Variation VII (Troyte) concludes dramatically with an augmented variant of the Enigma Theme’s opening phrase (measures 275-279) performed triumphantly by the brass section. While this movement does not restate counter-melodic material from the opening at its end, the appearance of some form of the Enigma Theme’s starting phrase as the ending passage is important. As previously shown, contrapuntal material played over some version of Enigma Theme’s opening phrase is repeated at the conclusion of Variations II, V, and VI. The Enigma Theme’s opening phrase is repeated at the conclusion of Variations I and VII.

Variation IX (Nimrod), the most elegiac of the series, begins slowly with a poignant variant of the Enigma Theme played pianississimo (ppp) in measure 309. This inaugural phrase is restated as the ending (measure 348) in a dramatic fortissimo (ff) before diminishing rather suddenly to pianissimo (pp) before fading away. This type of ending in which the Enigma Theme’s opening phrase is restated is also found in Variations I and VII.

Variation X (Dorabella) begins with two rapid accompaniment figures of three 32nd notes answered by a four-note 16th note figure intended to mimic Dora Penny’s stutter. This movement is distinguished by the absence of any clear indications of the Enigma Theme’s opening phrase. Four bars from the end at Rehearsal 46 the initial accompaniment figures of three 32nd notes reappear and are again answered by the four-note 16th note stuttering motif. Six notes followed by four at Rehearsal 46 may be seen as a coded reference to the number 46, the same chapter in the Psalms that inspired the lyrics for Martin Luther’s famous hymn, Ein feste Burg (A Mighty Fortress). What makes this movement vitally important to resolving the mystery of the covert principal theme is that the inner voice restates in an augmented from the first four notes of the closing phrase from Ein feste Burg in measures 383-387, and again in measures 406-410. More remarkable still, these first four notes and the final four from the closing phrase of Ein feste Burg are restated by the stuttering motif in measures 422-424.

Variation XII (B. G. N.) commences in measures 467-468 with a tender cello solo capturing the consecutive dropping sevenths drawn from the Enigma Theme (measures 3-4 and 13-14). Just as the movement opened, the cello once again restates this excerpt from the Enigma Theme in measures 493-494. While not the final phrase of the Enigma Theme, this excerpt serves as the beginning and concluding passage for this movement.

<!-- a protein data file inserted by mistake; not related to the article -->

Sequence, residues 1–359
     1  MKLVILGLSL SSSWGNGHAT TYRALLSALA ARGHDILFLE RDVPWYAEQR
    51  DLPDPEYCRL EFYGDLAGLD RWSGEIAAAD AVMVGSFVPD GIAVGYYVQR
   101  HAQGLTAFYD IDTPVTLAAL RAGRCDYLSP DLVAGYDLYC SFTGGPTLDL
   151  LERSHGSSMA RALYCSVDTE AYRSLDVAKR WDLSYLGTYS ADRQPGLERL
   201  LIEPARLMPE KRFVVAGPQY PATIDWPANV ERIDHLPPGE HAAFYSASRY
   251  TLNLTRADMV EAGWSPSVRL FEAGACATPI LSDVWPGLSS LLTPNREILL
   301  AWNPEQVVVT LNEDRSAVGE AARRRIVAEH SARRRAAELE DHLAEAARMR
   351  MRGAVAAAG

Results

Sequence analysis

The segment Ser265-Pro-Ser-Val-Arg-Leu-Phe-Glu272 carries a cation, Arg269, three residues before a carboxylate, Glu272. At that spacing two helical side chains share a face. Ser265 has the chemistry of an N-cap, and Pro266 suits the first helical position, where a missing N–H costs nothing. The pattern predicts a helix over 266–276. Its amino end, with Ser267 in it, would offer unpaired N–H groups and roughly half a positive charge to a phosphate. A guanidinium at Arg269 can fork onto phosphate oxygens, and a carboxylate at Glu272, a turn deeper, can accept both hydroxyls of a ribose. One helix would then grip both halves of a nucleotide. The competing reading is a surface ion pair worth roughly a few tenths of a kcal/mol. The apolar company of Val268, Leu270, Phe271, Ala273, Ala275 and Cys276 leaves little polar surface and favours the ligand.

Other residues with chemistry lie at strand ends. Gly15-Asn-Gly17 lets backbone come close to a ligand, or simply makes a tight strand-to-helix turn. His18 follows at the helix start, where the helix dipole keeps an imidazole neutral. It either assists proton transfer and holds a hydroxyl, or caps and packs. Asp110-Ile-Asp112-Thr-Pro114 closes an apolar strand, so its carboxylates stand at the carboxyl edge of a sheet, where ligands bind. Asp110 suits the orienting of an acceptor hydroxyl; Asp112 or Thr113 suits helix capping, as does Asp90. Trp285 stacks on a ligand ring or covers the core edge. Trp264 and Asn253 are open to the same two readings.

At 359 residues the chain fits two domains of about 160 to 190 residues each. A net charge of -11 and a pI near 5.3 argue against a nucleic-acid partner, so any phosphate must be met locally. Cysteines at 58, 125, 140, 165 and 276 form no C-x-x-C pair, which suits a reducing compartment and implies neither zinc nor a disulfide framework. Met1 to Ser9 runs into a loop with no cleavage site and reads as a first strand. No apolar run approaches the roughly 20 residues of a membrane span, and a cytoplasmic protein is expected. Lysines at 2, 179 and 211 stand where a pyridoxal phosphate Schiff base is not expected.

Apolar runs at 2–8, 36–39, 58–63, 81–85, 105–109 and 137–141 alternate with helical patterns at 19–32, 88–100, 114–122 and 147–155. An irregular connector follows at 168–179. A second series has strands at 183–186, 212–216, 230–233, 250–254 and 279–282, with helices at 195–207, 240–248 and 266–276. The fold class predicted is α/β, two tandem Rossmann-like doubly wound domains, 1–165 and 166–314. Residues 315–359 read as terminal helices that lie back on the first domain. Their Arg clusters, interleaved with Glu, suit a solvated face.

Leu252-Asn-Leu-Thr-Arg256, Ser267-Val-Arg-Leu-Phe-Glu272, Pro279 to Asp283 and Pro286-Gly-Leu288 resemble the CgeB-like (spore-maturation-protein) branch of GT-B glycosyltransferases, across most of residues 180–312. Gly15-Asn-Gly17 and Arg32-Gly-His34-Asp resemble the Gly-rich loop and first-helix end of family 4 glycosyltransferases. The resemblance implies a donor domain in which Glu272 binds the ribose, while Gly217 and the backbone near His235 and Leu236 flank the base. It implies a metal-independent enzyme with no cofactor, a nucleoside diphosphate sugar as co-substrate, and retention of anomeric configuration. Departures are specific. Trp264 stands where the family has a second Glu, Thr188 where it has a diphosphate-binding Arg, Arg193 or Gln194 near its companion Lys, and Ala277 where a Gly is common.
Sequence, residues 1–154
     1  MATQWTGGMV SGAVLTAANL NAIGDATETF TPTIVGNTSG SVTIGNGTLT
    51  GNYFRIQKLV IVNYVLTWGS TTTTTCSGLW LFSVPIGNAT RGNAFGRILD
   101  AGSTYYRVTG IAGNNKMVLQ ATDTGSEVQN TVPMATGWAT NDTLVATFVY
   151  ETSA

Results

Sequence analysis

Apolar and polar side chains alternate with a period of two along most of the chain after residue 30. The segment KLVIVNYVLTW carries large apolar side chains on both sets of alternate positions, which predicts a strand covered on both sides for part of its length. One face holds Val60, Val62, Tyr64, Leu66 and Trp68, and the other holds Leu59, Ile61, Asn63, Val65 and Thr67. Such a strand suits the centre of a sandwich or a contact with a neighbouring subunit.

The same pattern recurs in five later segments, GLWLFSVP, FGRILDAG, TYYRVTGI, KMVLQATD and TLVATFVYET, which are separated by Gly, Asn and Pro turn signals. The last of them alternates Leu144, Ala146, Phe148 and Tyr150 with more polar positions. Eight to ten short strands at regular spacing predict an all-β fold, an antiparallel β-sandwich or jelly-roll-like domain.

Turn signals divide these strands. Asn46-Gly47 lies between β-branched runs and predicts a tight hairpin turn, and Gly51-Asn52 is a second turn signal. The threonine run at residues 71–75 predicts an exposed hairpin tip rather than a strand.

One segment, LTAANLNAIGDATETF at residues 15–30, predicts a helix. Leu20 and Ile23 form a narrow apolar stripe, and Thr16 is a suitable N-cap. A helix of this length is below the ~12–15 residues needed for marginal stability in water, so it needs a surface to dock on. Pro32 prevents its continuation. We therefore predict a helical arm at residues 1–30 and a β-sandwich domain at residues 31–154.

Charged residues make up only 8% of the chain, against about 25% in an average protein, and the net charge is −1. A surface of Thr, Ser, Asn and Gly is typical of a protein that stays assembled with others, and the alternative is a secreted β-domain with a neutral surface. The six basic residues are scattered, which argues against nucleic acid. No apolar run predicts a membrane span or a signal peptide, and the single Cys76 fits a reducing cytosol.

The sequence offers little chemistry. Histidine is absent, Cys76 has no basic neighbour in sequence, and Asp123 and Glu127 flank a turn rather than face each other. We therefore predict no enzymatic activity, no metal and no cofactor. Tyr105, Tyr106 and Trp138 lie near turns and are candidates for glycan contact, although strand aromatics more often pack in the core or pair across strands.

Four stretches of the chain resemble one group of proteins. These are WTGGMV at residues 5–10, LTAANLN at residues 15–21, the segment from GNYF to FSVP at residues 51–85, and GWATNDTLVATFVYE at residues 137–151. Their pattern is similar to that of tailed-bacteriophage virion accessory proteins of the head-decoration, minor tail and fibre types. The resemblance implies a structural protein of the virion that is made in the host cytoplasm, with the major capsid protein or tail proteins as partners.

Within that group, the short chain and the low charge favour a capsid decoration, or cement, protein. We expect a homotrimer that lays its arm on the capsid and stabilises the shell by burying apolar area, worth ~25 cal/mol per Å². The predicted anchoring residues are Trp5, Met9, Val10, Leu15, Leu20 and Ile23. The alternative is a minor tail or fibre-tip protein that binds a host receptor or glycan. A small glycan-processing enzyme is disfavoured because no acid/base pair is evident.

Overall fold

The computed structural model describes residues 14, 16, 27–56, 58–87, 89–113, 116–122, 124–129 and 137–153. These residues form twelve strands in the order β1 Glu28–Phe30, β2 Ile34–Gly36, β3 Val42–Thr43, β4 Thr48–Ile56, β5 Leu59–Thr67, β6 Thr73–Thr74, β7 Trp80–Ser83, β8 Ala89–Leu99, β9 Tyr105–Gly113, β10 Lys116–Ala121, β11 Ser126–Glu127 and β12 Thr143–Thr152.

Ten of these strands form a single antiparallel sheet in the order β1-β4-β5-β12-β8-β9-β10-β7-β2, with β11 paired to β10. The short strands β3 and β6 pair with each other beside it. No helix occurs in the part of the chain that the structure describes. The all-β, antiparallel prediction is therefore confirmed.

Variation XIV (E.D.U.) does not begin and end with the same thematic material. The reasons for this divergence from the other Variations are its sixteen bar introduction with a considerably expanded ending. The first real thematic material is not introduced until Rehearsal 62 (measure 565). At the behest of conductor Hans Richter and August Jaeger, the original ending was expanded by nearly 100 measures following the June 1899 premiere. Consistent with a pattern exhibited by earlier movements, the opening thematic material presented in measures 565-566 is restated in measures 683-684 almost exactly 100 measures before the appended ending. The originally shorter Finale actually mirrored a pattern displayed in Variations II, V, VI, and IX, namely that the opening thematic material reappears close to or at the end.

An examination of the Enigma Variations reveals a persistent pattern in which the first phrase is restated at or near the conclusion of the majority of the movements. This trend holds true for Variations I, II, III, V, VI, VII, IX, XII, and XIV. The exceptions to this pattern are the Enigma Theme and Variations IV, VIII, XI, and XIII. As an aside, it is remarkable to observe the sum of these latter Roman numerals (4+8+11+13) is 36, the opus number for the Enigma Variations.